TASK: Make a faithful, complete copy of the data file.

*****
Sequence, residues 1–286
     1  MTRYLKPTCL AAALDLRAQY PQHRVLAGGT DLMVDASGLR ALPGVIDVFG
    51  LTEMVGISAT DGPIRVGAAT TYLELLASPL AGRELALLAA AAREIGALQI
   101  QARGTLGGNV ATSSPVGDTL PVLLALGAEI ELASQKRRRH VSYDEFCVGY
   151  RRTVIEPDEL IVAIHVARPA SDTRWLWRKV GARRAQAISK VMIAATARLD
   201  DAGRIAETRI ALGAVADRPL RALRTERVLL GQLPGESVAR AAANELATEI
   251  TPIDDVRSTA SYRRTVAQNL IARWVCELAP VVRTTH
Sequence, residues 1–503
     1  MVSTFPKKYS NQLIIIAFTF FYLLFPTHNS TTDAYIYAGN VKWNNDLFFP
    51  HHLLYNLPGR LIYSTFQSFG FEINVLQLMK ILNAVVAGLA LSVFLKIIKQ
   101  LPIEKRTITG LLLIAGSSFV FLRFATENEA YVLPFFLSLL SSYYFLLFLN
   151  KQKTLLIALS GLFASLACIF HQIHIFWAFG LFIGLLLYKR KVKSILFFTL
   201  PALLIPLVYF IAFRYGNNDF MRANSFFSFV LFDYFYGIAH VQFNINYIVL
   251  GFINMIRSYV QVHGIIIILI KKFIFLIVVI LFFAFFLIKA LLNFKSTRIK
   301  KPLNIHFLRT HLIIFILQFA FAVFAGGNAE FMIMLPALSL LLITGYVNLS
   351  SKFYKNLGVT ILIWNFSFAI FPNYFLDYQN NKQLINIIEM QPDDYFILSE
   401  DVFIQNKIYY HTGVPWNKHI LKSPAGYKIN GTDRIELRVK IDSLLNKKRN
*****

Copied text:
Sequence, residues 1–286
     1  MTRYLKPTCL AAALDLRAQY PQHRVLAGGT DLMVDASGLR ALPGVIDVFG
    51  LTEMVGISAT DGPIRVGAAT TYLELLASPL AGRELALLAA AAREIGALQI
   101  QARGTLGGNV ATSSPVGDTL PVLLALGAEI ELASQKRRRH VSYDEFCVGY
   151  RRTVIEPDEL IVAIHVARPA SDTRWLWRKV GARRAQAISK VMIAATARLD
   201  DAGRIAETRI ALGAVADRPL RALRTERVLL GQLPGESVAR AAANELATEI
   251  TPIDDVRSTA SYRRTVAQNL IARWVCELAP VVRTTH
Sequence, residues 1–503
     1  MVSTFPKKYS NQLIIIAFTF FYLLFPTHNS TTDAYIYAGN VKWNNDLFFP
    51  HHLLYNLPGR LIYSTFQSFG FEINVLQLMK ILNAVVAGLA LSVFLKIIKQ
   101  LPIEKRTITG LLLIAGSSFV FLRFATENEA YVLPFFLSLL SSYYFLLFLN
   151  KQKTLLIALS GLFASLACIF HQIHIFWAFG LFIGLLLYKR KVKSILFFTL
   201  PALLIPLVYF IAFRYGNNDF MRANSFFSFV LFDYFYGIAH VQFNINYIVL
   251  GFINMIRSYV QVHGIIIILI KKFIFLIVVI LFFAFFLIKA LLNFKSTRIK
   301  KPLNIHFLRT HLIIFILQFA FAVFAGGNAE FMIMLPALSL LLITGYVNLS
   351  SKFYKNLGVT ILIWNFSFAI FPNYFLDYQN NKQLINIIEM QPDDYFILSE
   401  DVFIQNKIYY HTGVPWNKHI LKSPAGYKIN GTDRIELRVK IDSLLNKKRN